Tsunami Activity in California
Dr. Gilead Barnethy, a hurricane specialist from the National Oceanic and Atmospheric Administration (NOAA), clarified this assessment with some critical points.
“First,” Dr. Barnethy said, “it’s important to remember that only the ‘threat’ of the tsunami was on its way, but not anything people along the Orange County coasts would consider a tsunami. Second, any wave that breaks on shore is technically considered a ‘tidal wave.’ Third, surfers here often ride six-foot waves recreationally. The tsunami waves were about 75 percent smaller than that. However, now that the government and the press have determined waves of two to three feet in height to be tsunamis, all future competitions at local beaches will be forbidden. This change to the classification system will have a broad effect. We anticipate Australia, Hawaii, and Singapore to ban their pro surfing competitions too, following in California’s footsteps...the imprints of which you can still see in the sand after the three-foot tsunami waves crash and recede.”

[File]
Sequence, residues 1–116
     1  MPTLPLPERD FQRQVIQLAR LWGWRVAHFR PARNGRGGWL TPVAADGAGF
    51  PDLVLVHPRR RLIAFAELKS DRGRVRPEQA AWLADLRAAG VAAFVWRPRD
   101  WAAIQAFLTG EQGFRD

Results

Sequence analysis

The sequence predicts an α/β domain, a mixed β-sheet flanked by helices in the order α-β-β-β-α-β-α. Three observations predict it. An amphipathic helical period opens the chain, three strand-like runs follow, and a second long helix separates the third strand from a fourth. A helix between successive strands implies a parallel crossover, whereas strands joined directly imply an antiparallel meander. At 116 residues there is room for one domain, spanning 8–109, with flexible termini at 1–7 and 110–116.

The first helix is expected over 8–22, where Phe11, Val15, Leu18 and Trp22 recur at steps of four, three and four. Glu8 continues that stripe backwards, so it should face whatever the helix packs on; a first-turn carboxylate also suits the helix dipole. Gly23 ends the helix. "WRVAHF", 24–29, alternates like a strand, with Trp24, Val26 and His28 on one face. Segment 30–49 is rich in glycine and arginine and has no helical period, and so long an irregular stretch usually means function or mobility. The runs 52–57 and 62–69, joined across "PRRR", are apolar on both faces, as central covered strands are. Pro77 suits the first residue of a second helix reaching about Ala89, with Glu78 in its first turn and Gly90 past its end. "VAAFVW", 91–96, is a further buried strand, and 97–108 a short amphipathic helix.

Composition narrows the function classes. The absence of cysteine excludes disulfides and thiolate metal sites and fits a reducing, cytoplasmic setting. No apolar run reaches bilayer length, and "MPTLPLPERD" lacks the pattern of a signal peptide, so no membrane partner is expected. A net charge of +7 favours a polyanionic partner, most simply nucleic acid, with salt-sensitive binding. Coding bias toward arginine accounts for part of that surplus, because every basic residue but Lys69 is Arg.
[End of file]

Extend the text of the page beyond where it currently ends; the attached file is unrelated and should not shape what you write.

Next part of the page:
The tsunami was generated by Japan’s magnitude 8.9 earthquake the night before. The advances in science, information, and technology afforded California the gift of time: over eight hours to activate emergency response plans and scramble reporters before the arrival of the tsunami’s threat.
“SoCal’s economy, like so many others, is struggling right now,” said the owner of a local tobacco shop and medical marijuana dispensary that also sells used CDs and bottled water. “We knew that nothing was going to happen, but this kind of news makes tourists anxious. They fill their gas tanks, stock up on provisions, leave their personal belongings behind in the hotels, and take off for inland towns, contributing to their local economies as well. I couldn’t be happier with the results. Everything was so well planned.”
But several media outlets, CNN chief among them, didn’t share the Golden State’s enthusiasm for its disaster preparedness initiatives, particularly the orderly calm that accompanied them. CNN President Ken Jautz, afraid of repeating a similar mistake made during the 2010 Hawaiian “tsunami” by his predecessor, Jonathan Klein, was said to have behaved abysmally. Employees tasked with the real-time reporting of the tsunami described Jautz as progressing violently through all five stages of grief in a matter of minutes.
According to one correspondent: